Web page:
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ISSN: 2161-1009
Biochemistry & Analytical Biochemistry

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Role of Serum Cholesterol Level in Pathogenesis of OCD

Madhura TK*

Deapartment of Biochemistry, Defense Institute of Advanced Technology, Near Khadakwasla Dam, Girinagar, Pune 411025, India

*Corresponding Author:
Madhura TK, MBBS, MD (Biochemistry)
Defense Institute of Advanced Technology
Near Khadakwasla dam, Girinagar, Pune 411025, India
Tel: 9921041635
E-mail: [email protected]

Received Date: May 15, 2015; Accepted Date: May 20, 2015; Published Date: May 22, 2015

Citation: Madhura TK (2015) Role of Serum Cholesterol Level in Pathogenesis of OCD Biochem Anal Biochem 4:183. doi:10.4172/2161-1009.1000183

Copyright: © 2015 Madhura TK. This is an open-access article distributed under the terms of the Creative Commons Attribution License, which permits unrestricted use, distribution, and reproduction in any medium, provided the original author and source are credited.

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Etiology and pathophysiology of obsessive compulsive disorder remains inconclusive till today. Multiple converging lines of evidence suggest that neurobiology plays a significant role in the etiology of obsessive compulsive disorder (OCD). Certain brain areas frequently involved in symptomatology of OCD, analyzed by neuroimaging studies. The strongest pharmacologic evidence concerns the serotonergic system and the well-established efficacy of potent serotonin reuptake inhibitors in the treatment of OCD. Cholesterol forming the vital component of neurons regulates neurochemical activity. Reduced serum cholesterol level causes hyperactivity of serotonin reuptake receptor activity precipitating symptoms of OCD.


OCD; Serotonin; Receptors; Neurotransmitters; Cholesterol


Obsessions are recurrent, persistent, thoughts, images or impulses that are experienced as intrusive & inappropriate [1].

Compulsions are repetitive behaviors or mental acts that the person feels driven to perform in response to an obsession or according to rigid rules [1].

Obsessive –compulsive disorder is the fourth commonest psychiatric disorder with disability in severe cases often comparable to the disability associated with mental illness such as schizophrenia and bipolar disorder. 2% of adults suffer from this disorder [2,3].

The OCD usually presents at the age of 20-30 yr. If it presents in older age (in 4th decade) it usually comes after a stressful situation in life. OCD usually begins in adolescence or early adulthood although it can begin in childhood. Nearly 65% of the patients have the onset before 25 years of age and <15% have onset after 35 years of age [2,3].

Epidemiological studies show that around 2% of adults suffer from this disorder.

Etiology [3,4]

Neurobiological factors

Onset of OCD symptoms follow neurological injury secondary to infection, head injury or neuronal over activity.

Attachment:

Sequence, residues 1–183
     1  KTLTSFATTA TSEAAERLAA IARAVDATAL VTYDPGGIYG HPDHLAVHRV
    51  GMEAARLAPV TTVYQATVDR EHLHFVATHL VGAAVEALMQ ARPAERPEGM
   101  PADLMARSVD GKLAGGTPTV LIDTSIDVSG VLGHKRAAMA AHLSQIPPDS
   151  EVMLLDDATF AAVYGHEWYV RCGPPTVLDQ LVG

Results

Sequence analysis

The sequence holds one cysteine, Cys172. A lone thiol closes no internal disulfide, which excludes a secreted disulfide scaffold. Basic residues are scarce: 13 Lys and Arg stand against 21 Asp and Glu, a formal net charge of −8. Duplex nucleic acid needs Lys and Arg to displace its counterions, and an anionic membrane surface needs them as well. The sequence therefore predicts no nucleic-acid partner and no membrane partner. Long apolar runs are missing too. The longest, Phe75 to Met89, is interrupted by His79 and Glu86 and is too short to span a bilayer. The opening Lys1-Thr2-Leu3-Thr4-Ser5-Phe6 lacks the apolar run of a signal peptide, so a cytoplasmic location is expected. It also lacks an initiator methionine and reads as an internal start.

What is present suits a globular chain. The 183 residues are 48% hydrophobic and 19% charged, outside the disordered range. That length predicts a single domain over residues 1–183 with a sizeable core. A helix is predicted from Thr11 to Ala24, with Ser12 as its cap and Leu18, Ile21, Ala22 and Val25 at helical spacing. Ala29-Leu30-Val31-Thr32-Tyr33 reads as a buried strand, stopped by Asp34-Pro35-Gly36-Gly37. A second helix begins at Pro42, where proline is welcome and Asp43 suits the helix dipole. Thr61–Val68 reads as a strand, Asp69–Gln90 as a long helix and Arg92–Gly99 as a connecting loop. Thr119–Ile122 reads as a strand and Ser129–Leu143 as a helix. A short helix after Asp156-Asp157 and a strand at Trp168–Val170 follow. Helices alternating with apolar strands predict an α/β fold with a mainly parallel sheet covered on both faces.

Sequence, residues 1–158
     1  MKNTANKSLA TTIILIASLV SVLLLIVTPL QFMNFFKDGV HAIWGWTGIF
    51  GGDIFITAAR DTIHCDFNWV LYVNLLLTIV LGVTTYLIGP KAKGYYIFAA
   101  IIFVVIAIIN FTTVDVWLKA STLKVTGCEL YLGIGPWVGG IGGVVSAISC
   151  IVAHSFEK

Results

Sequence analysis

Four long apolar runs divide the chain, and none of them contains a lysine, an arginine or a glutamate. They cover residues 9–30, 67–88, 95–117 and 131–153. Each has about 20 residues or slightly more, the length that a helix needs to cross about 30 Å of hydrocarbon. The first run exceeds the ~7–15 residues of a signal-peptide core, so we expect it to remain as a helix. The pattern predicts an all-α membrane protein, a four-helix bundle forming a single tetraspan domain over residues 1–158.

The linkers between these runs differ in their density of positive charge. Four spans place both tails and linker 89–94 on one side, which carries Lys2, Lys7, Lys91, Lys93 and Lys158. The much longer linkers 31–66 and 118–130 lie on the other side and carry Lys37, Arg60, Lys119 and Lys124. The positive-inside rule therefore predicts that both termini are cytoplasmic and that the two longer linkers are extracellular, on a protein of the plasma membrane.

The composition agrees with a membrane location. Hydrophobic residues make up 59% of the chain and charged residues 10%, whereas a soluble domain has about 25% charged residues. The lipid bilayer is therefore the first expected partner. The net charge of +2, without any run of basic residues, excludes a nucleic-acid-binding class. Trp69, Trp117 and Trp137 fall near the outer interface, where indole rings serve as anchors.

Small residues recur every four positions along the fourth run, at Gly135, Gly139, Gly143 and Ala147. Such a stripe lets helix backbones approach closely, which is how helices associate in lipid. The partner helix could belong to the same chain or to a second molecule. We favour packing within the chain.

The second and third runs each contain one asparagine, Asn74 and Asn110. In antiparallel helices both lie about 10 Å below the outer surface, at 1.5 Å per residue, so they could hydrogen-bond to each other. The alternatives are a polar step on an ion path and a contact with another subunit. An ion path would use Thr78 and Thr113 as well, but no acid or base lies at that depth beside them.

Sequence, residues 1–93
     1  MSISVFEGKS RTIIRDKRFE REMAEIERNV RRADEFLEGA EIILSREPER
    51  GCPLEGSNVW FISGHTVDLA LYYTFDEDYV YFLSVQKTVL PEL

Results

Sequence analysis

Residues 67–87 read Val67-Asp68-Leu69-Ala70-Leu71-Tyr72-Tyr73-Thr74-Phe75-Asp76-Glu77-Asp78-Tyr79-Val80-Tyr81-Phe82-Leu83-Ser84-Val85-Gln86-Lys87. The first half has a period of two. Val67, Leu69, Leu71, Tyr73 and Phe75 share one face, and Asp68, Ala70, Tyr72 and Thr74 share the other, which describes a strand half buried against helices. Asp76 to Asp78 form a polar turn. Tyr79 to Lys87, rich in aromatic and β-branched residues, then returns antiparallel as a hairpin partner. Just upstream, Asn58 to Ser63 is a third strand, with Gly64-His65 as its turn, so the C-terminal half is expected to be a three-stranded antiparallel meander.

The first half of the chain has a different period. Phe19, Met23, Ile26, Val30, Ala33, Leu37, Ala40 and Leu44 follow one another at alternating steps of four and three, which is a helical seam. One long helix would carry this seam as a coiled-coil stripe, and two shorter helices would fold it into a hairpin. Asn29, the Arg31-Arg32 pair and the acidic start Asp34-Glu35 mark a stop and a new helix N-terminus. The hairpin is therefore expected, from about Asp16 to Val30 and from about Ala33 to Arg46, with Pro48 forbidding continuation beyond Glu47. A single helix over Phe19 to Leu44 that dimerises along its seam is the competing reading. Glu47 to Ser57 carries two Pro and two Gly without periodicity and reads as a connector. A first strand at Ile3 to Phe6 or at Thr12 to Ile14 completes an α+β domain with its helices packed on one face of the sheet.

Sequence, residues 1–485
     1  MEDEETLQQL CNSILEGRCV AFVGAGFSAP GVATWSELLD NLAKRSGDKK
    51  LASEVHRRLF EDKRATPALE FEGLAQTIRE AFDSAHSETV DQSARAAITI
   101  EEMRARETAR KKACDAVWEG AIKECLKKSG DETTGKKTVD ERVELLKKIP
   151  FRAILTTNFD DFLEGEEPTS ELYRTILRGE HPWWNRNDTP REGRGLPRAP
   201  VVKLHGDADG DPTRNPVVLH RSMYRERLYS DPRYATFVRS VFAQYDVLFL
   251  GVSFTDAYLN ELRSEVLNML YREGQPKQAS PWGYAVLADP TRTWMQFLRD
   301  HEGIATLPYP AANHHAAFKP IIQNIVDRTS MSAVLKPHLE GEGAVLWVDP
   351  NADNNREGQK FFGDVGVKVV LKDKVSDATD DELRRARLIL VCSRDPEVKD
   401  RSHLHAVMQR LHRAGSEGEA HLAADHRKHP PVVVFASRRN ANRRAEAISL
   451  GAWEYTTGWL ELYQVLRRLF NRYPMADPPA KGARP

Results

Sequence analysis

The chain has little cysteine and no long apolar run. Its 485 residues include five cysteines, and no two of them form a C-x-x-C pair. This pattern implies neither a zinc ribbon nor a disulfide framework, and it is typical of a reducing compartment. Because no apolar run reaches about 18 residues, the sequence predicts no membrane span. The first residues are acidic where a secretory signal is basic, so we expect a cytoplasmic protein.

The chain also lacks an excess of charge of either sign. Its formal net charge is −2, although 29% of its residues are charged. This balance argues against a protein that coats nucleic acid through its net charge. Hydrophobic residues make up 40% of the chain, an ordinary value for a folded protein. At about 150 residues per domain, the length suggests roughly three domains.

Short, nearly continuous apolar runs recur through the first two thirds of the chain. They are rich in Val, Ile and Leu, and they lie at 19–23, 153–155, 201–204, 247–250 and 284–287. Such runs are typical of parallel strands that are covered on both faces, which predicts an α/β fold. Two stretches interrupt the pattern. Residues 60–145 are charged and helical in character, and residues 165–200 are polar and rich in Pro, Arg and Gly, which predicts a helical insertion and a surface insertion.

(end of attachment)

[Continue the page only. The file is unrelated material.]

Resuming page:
Efficacy of serotonin reuptake inhibitors in symptomatic improvement in OCD cases has proved role of seroronin in pathophysiology of OCD.

Neurophysiological factors

Positron emission tomography (PET) studies suggest increased glucose metabolism in orbital frontal cortex, pre-frontal cortex and anterior cingulate gyrus, right caudate nucleus.

Neuroanatomical factors

Neuroimaging studies that have been implicated the frontal-basal ganglio thalamic cortical circuit in the pathogenesis of the disorder.

Neurochemical basis

Oxidative stress causes neuronal damage in the above mentioned areas. Damage caused disturbs intracellular events resulting in impaired release of neurotransmitters like serotonin, dopamine which have been proposed in the pathophysiological basis of OCD, thus decreasing the synaptic levels of neurotransmitters leading to symptomatology.

Neuropsychological factors

Immunological factors

Subgroup of youngster’s present OCD symptoms triggered or symptoms get precipitated with group a beta hemolytic streptococcal infection.

Family history

50% childhood cases are familial.

Genetic factors

Studies suggest that 30% of adults with OCD had immediate family member with symptoms of OCD. Research suggests that if one parent has OCD the chances of the child having it are between 2% and 8%.

Behavioral factors

According to Hobart Mowrer’s conditioning theory, previously neutral stimulus becomes aversive, as a result of being associated with an unrelated aversive stimulus

Compulsions become strengthened as a result of anxiety reducing properties.

Types of OCD

There are five main types of OCD that commonly appear in sufferers [6,7].

Washers and cleaners

Contamination obsessions are the most common type of obsessions in OCD. They are typically characterized by a fear of dirt or germs.

Obsession: a constant fear of contamination and being infected with disease and infecting others. Compulsion: sufferer avoids or removes all possible sources of germs and dirt. Washers may repeatedly wash their hands or take showers while cleaners may clean their house repeatedly.

The cleaning compulsions include excessive or ritualized hand washing, showering, bathing, tooth brushing, and elaborate toilet routines.


Obsession: a fear of forgetting to lock or switch something off will cause harm for which they will be blamed. Compulsion: time consuming rituals that involve checking & re-checking the objects of their obsession for eg. Locks/ swithces.

Patients with doubts typically worry that something terrible may happen because they have not completed an act thoroughly or completely. Such patients can spend hours checking before leaving their home.


Obsession: To organize or arrange objects in a specific pattern or order before performing a daily task.

Compulsion: Arranging things in a certain 'correct' way. If someone else touches or moves those objects out of place, they will feel extremely upset.


Obsession: Excessive fear of discarding certain objects in the belief that they may be of use in the future.

Compulsion: Keeping or collecting items those are often useless. Even if some are useful, hoarders tend to collect so many items that they are unable to finish using all of them.

Sexual and aggressive obsessions